Sigma cameras for the Foveon sensor haven't had a particularly illustrious history, The early SD's were DSLR's culminating in the SD 1 with it's ludicrous release cost (£6000+ !!!) which was quickly dramatically reduced in price and a selection of DP compacts. All have been slow to operate with the poorest battery lives of virtually any digital camera. The Quattro compacts, with admittedly great image quality, were fixed lens cameras and you had to buy a set of them to get a decent range. They also had no built in EVF's. To say that they were somewhat of a trial to use is an understatement. I bought a few of them, loved the unique IQ from the Foveon sensor, but ultimately got so frustrated with the grinding slowness, the clunky operation (and the same from Sigma Photo Pro, now the only software to edit the raw files), plus the fact that they were somewhat expensive and poor value for money, that I usually had them for a while and sold them.
But now I have the SD Quattro mirrorless camera and finally (FINALLY!) the Foveon sensor has a camera to do it justice. Now lets not get too exited here. This is no Olympus E-M1 Mk II or a Nikon D5. But (and it's a big BUT) it's a very competent, very efficient mirrorless camera that pretty much (well actually all the way) addresses the issues of the previous attempts to find a workable and welcoming home for that incredible sensor. And it cost me, with the 30mm f/1.4 ART 'kit' lens, £899.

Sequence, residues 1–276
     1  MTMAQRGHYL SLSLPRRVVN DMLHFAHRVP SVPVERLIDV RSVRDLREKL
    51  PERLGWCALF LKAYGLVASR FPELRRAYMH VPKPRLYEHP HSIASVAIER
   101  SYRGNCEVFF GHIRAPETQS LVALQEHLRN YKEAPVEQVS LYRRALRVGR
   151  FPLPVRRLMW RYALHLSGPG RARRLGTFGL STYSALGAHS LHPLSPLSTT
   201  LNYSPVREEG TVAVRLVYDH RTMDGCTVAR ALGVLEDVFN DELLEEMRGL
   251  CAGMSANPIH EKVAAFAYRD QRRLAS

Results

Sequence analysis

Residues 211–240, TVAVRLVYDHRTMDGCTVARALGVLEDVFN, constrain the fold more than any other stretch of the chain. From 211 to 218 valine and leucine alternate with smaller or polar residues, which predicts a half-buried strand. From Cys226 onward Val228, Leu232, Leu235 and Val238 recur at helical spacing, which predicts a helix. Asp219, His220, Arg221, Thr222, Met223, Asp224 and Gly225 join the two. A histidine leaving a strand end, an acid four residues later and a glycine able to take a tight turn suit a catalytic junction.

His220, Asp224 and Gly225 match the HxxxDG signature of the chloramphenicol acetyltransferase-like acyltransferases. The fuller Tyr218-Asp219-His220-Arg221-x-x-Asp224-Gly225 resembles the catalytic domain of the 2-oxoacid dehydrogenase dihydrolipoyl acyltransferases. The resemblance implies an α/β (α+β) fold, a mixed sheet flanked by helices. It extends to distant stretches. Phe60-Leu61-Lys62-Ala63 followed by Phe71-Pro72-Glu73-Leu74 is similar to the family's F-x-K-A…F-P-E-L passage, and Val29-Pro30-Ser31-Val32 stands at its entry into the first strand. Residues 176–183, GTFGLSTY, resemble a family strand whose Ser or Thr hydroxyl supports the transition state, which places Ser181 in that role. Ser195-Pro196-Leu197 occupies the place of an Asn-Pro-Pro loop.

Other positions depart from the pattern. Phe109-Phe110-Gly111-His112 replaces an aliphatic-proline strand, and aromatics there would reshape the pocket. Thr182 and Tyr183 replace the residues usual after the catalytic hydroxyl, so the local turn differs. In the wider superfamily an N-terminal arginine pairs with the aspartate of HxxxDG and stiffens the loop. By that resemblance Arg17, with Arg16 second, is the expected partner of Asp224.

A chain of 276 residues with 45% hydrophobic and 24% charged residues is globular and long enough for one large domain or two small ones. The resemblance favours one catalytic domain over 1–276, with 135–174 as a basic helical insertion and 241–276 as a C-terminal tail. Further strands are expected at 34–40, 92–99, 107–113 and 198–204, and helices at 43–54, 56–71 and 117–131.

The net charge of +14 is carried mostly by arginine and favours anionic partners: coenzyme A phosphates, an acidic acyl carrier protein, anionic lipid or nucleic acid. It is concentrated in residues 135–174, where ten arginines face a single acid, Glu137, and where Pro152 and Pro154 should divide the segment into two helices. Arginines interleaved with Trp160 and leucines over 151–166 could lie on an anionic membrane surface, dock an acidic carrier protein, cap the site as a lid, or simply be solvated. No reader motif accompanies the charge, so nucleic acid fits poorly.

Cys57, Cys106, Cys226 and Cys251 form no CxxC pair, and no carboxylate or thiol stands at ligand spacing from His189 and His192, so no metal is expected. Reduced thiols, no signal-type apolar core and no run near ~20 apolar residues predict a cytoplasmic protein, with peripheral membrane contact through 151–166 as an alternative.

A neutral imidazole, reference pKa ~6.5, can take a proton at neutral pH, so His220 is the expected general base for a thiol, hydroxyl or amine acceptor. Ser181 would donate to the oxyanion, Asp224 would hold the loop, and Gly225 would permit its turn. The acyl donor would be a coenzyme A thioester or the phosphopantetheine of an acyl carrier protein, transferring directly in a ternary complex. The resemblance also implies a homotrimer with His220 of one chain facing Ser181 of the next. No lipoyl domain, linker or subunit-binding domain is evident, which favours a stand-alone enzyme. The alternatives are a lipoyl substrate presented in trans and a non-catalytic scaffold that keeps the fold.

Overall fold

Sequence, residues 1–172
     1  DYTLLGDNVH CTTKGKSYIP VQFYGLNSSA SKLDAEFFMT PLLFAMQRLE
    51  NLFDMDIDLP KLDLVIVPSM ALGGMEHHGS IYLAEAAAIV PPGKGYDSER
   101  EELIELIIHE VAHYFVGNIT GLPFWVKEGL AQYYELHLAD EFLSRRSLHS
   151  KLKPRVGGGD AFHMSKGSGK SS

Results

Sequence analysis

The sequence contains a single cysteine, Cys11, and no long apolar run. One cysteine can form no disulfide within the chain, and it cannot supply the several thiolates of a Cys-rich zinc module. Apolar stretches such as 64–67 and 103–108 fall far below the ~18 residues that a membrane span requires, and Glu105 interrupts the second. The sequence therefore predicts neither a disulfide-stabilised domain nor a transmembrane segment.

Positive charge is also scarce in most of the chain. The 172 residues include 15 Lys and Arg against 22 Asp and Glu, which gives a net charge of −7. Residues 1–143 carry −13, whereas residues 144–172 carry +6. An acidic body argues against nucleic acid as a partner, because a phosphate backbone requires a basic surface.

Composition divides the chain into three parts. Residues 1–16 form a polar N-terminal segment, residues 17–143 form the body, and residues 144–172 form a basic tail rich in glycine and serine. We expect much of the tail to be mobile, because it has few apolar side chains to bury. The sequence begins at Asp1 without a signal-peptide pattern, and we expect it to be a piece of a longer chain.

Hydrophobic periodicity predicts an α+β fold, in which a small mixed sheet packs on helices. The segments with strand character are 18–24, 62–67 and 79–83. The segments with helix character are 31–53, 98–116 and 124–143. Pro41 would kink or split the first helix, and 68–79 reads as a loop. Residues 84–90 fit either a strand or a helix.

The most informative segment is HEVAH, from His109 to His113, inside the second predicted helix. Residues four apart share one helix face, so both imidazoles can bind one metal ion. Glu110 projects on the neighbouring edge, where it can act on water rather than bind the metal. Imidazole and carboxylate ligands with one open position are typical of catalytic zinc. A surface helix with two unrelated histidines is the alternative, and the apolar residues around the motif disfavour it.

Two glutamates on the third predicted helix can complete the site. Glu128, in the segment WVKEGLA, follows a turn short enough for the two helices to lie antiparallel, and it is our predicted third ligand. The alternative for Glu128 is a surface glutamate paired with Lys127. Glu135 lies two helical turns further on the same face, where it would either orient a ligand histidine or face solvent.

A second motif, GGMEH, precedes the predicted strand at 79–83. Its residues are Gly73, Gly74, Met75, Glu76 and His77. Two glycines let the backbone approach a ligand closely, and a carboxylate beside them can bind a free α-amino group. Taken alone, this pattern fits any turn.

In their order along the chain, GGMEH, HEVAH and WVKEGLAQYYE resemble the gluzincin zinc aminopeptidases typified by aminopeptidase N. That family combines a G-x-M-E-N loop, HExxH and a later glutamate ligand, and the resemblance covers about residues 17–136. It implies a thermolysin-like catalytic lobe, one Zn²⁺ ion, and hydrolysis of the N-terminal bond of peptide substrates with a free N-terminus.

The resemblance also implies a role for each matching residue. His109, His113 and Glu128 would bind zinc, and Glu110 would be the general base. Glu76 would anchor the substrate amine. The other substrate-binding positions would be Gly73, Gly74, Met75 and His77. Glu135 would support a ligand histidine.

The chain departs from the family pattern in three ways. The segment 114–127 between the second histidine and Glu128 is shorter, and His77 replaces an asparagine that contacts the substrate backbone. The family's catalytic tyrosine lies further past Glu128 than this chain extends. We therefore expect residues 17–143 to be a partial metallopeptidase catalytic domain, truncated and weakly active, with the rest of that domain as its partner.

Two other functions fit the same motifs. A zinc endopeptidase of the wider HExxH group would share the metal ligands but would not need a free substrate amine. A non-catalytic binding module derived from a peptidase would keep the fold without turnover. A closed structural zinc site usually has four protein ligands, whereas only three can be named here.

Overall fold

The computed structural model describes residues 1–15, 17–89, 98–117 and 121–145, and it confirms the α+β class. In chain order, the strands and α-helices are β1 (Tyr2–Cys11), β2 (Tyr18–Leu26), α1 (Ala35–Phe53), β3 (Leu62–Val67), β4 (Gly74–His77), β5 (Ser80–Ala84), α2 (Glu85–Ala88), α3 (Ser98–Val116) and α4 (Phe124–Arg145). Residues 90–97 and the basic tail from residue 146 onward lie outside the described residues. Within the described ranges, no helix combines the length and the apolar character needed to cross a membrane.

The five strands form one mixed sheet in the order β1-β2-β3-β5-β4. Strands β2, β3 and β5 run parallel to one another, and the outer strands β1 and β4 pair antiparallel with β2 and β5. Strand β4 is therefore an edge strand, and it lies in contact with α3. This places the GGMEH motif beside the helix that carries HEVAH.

So what's new? Well there is now an EVF, not the greatest but it works. There is focus peaking and image magnification with this for manual focusing which works well. With the added battery grip, which I also bought, I can now load up the camera with three batteries and that seems to last a days shooting for me. AF is accurate and again while not the fastest it's very useable. (See YouTube video further down the page.) processing the images is also much faster and the interminable wait to use the camera again after taking a shot is now thankfully a thing of the past.
The camera is big, but not especially heavy, though when fitted with various Sigma ART lenses, that will change! The design is rangefinderesque and reminds me of my Leica SL (Typ 601). Layout and menus are comfortable and easy to navigate respectively and while some find it ugly, I actually love the look. I also love the handling as it has a huge grip. So this is all good news for Foveon fans, of which I am definitely one. And this is the only camera I have considered buying since going exclusively Leica, which of course is no longer the case.
Now some might complain about the SD Quattro and DSLR's and the best mirrorless cameras will certainly be faster. However, Sigma have closed the gap quite dramatically here and I certainly have no complaints. Plus it is important to realise that this is not a camera for high-speed, handle anything shooting. Foveon sensors are sensational at low ISO's (of which more later) but even with the improvements in this new camera, anything above ISO 320 is pretty noisy and if you are interested in this camera you'll want to take advantage of it's strength anyway. And this is - (Please note I chose my words VERY carefully here) The best image quality I have ever seen, at low ISO's ,of any APS-C AND Full Frame camera I've ever used as well as some Medium Format Sensor cameras.